Like almost all East African producing countries, Burundi started growing coffee at the behest of European settlers. After independence in 1962, coffee farming was in private hands for more than two decades. The quality and quantity of coffee produced during this period was very low, however, due to the political turmoil that followed, and the lack of interest in the perpetuation of the coffee industry by the private sector, eventually the coffee sector and its entire infrastructure was taken over by the state, which controlled the coffee trade for more than three decades.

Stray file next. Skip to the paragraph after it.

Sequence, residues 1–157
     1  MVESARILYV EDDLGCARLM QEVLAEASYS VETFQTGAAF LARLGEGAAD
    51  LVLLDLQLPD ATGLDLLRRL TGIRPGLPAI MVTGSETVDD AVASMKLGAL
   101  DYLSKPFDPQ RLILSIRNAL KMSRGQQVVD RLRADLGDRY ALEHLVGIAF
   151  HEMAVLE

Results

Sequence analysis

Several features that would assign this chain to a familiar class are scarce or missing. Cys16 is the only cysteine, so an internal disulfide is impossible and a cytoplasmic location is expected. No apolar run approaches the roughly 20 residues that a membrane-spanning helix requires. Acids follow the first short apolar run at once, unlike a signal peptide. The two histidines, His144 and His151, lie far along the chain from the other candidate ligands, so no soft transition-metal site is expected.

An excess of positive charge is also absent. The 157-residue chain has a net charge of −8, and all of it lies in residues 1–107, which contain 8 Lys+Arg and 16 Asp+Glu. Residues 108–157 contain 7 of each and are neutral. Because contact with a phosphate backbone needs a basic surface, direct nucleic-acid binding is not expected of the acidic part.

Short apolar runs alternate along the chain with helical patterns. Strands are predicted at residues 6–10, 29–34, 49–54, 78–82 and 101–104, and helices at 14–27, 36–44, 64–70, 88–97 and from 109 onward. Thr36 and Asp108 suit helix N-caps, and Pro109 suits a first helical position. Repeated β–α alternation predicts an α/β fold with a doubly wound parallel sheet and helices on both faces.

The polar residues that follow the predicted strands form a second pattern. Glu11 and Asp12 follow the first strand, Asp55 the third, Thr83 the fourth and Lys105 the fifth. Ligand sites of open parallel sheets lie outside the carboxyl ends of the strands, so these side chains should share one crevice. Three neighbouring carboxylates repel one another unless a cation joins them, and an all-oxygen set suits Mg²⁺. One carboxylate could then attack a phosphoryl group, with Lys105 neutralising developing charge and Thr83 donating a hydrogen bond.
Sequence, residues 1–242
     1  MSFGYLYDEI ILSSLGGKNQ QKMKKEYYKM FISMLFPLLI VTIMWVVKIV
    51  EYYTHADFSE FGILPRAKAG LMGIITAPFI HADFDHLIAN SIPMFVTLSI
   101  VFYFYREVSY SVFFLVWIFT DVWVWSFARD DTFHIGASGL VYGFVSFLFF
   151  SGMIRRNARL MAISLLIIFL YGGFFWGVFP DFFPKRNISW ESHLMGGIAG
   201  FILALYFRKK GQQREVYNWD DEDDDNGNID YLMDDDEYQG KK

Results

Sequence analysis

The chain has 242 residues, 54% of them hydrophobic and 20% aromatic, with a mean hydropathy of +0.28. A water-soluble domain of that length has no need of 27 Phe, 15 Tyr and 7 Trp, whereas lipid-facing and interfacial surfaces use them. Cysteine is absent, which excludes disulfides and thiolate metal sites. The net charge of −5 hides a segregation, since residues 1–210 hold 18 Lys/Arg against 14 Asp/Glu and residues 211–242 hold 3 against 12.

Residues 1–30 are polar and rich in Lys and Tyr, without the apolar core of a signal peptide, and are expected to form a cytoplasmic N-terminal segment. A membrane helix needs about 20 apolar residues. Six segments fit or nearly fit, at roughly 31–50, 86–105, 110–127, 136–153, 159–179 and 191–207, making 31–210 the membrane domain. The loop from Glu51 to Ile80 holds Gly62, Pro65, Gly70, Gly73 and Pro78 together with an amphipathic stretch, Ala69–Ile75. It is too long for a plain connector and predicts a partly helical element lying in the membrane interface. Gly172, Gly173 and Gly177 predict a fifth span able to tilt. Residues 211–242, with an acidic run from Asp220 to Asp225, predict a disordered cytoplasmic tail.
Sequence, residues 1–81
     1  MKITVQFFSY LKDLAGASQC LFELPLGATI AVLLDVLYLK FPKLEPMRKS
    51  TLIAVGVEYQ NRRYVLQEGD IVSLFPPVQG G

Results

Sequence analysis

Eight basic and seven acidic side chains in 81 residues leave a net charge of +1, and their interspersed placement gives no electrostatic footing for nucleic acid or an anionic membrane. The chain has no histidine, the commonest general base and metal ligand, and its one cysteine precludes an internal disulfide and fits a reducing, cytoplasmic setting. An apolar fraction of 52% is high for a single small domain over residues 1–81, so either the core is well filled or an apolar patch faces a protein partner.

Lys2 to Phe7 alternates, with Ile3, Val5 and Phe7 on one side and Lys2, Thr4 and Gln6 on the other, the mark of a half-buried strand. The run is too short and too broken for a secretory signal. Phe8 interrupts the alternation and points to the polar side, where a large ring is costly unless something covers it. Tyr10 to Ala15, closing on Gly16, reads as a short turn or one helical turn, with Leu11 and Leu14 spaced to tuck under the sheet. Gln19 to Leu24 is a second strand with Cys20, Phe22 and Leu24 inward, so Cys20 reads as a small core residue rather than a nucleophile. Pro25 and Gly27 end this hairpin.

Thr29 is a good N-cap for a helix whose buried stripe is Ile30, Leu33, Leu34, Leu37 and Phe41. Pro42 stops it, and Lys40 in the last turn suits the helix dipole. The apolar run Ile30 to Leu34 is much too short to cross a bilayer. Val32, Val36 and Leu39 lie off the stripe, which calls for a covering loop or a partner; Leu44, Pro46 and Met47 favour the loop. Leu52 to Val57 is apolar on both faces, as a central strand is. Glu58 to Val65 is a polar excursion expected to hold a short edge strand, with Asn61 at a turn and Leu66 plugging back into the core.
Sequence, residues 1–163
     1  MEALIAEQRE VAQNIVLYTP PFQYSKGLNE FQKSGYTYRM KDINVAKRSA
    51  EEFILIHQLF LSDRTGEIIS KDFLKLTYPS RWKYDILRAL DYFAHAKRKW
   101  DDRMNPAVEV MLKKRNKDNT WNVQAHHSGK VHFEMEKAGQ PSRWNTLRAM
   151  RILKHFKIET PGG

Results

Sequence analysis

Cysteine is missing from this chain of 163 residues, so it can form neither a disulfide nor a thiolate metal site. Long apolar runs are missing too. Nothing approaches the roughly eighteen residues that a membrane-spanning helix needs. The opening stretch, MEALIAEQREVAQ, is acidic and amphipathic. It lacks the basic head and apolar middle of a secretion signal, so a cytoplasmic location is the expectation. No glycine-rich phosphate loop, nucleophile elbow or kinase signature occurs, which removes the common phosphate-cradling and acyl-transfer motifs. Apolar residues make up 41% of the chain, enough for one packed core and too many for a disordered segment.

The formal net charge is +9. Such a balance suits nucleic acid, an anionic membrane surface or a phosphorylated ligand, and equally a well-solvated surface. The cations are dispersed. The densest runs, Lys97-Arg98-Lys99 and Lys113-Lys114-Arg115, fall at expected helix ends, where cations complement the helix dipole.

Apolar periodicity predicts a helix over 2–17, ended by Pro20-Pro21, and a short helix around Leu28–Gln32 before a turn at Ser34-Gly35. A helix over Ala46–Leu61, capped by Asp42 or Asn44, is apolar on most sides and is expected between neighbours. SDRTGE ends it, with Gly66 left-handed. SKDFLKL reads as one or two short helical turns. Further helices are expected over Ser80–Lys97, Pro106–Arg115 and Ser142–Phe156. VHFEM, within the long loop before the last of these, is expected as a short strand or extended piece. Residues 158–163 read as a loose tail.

The hope was that the government would strengthen quality and improve productivity and profitability for coffee, but these results did not materialise as expected. After several years of strict government control, the state partially relinquished control over the coffee trade, creating public and private coffee companies for processing and exporting coffee. The coffee sector has continued to move in the direction of privatisation since then, and the quality and reputation of Burundi's coffee has steadily improved since 2009. Today, coffee is this small nation's number one export crop and has played an important role in stabilising the country despite periods of civil unrest. In that sense, investing in Burundian coffee can make a big difference in the quality of life for producers. Traditionally in Burundi all drums were made from a tree called Umuvugangoma and people used to plant these types of trees in the hills of Kibira. Today we find some washing station, producing some of the best, fully washed coffees in the world. This station processes cherries from around 18 hills and does so individually to maintain the quality of each batch while maintaining the unique flavours associated with the altitude, the soil of the area where they were planted and the care given by the farmers who grow and harvest those plants.